probability model, are necessary to recreate these shapes and slopes
        during stochastic simulation.

        In order to model these surfaces, I designed a modular system where the
        probability model can be designed independently from the various spatial
        statistical models. I use an "inter-map cell swapping" algorithm to fit
        the spatial statistical model while preserving the probability model.
        This modularization provides several benefits: The most important is
        that it is relatively easy to design probability models without worrying
        whether they generate the appropriate shapes. The same is true for
        spatial statistical models.

        For the applications I am trying to represent uncertainty for, this
        technique seems to be meeting my objectives. Several people have
        requested digital copies of the IJGIS paper. I have finally gotten
        around to putting it on the net.

        sincerely, chuck

        Chuck Ehlschlaeger wrote:
        >
        > Dear Betty, et. al.,
        >
        > Betty Gibbs wrote:
        > >
        > > Recently I published an article by Dr. Stephen Henley in my newsletter (Earth
        > > Science Computer Applications) called: "Geostatistics - Cracks in the
        > > foundations?". I am looking for comments on the statements he makes about
        > > limitations of geostatistical methods for building ore body models - and
        > > whether these same limitations apply for other types of data. I would like to
        >
        > I am ignorant of geostatistical methods on ore bodies. However, I have
        > been using variations of geostatistical techniques on geographic data,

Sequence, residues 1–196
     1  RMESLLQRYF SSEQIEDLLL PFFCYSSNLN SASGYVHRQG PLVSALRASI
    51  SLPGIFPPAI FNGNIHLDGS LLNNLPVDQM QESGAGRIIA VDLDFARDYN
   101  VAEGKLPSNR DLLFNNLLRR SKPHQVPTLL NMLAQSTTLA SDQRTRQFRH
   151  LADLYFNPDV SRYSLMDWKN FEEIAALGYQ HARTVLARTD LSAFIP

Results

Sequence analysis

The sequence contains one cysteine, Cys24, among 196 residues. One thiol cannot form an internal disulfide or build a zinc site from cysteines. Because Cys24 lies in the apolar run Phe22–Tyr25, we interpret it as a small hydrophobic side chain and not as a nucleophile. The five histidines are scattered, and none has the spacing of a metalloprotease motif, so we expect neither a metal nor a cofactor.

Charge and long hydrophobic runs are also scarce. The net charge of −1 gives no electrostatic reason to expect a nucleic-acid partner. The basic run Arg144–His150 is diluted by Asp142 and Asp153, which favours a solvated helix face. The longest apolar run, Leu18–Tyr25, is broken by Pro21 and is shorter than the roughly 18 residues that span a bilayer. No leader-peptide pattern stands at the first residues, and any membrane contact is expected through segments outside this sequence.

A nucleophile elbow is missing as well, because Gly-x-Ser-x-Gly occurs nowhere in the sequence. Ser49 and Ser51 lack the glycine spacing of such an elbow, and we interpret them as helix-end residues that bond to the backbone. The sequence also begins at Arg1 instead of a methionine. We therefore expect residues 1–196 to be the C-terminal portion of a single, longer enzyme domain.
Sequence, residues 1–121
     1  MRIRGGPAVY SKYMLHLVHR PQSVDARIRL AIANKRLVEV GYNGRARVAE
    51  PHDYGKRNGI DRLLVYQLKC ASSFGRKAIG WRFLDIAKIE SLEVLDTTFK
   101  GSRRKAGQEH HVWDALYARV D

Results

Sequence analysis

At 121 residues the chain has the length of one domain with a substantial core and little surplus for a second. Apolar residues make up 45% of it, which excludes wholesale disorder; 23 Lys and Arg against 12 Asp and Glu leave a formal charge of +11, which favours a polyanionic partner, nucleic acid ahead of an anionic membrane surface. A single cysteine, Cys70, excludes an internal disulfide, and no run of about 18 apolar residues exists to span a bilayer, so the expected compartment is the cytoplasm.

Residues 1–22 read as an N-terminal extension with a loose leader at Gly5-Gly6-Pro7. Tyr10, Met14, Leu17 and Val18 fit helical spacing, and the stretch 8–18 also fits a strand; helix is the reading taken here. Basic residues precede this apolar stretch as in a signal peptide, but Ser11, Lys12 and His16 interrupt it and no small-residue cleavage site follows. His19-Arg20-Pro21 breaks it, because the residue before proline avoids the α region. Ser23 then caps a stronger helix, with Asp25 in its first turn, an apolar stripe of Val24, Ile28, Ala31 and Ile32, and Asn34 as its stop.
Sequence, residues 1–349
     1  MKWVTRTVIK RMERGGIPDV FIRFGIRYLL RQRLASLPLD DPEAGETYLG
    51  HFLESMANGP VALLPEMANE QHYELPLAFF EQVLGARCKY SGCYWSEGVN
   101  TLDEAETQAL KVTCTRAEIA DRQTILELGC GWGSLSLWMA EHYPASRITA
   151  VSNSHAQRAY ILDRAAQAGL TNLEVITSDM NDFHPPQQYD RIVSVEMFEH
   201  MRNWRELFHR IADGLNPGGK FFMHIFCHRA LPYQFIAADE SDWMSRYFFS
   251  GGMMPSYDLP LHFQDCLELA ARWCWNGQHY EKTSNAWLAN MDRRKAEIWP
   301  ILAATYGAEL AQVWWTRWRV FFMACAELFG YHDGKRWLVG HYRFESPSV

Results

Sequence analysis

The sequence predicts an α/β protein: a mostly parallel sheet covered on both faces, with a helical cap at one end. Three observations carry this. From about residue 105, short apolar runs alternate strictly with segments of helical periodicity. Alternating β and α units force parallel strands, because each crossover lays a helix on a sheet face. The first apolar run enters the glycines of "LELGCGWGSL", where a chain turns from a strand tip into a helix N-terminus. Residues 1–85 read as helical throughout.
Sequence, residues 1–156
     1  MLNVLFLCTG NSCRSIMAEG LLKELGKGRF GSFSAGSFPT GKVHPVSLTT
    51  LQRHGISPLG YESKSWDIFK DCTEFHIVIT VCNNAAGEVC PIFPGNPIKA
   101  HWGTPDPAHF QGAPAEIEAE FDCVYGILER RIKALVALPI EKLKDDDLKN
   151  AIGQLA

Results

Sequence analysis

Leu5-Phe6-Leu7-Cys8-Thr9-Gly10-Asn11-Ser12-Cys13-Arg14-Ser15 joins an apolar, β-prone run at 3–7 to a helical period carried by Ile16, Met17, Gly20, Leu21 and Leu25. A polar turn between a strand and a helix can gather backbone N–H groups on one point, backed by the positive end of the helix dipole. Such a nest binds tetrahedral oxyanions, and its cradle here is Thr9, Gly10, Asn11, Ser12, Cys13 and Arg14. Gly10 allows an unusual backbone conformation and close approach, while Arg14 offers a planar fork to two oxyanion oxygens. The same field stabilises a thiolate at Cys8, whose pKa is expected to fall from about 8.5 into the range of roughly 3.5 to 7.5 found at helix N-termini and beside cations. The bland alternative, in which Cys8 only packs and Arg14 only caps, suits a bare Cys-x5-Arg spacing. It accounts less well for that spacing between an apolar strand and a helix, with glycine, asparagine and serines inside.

> especially digital elevation models. Recently, a paper of mine
        > "Representing multiple spatial statistics in generalized elevation
        > uncertainty models: moving beyond the variogram" was recently accepted
        > to be published in the International Journal for Geographic Information
        > Science.
        >
        > The paper discusses at length the limitations of traditional
        > geostatistical techniques for data with measurable surfaces. Of course,
        > I propose a solution that deals with those limitations. (Otherwise, it
        > wouldn't be "moving beyond the variogram".)
        >
        > I don't know how these techniques might be useful to ore bodies, but you
        > did ask about "limitations for other types of data".
        >
        > The following contains the abstract.
        >
        > sincerely, chuck
        >
        > ABSTRACT: Spatial data uncertainty models (SDUM) are necessary tools
        > that quantify the reliability of results from geographic information
        > system (GIS) applications. One technique used by SDUM is Monte Carlo
        > simulation, a technique that quantifies spatial data and application
        > uncertainty by determining the possible range of application results. A
        > complete Monte Carlo SDUM for generalized continuous surfaces typically
        > has three components: an error magnitude model, a spatial statistical
        > model defining error shapes, and a heuristic that creates multiple
        > realizations of error fields added to the generalized elevation map.
        > This paper introduces a spatial statistical model that represents
        > multiple statistics simultaneously and weighted against each other. This
        > paper’s case study builds a SDUM for a digital elevation model (DEM).
        > The case study accounts for relevant shape patterns in elevation errors
        > by reintroducing specific topological shapes, such as ridges and
        > valleys, in appropriate localized positions. The spatial statistical
        > model also minimizes topological artifacts, such as cells without
        > outward drainage and inappropriate gradient distributions, created by
        > the realization heuristic. Multiple weighted spatial statistics enable
        > two conflicting SDUM philosophies to co-exist. The two philosophies are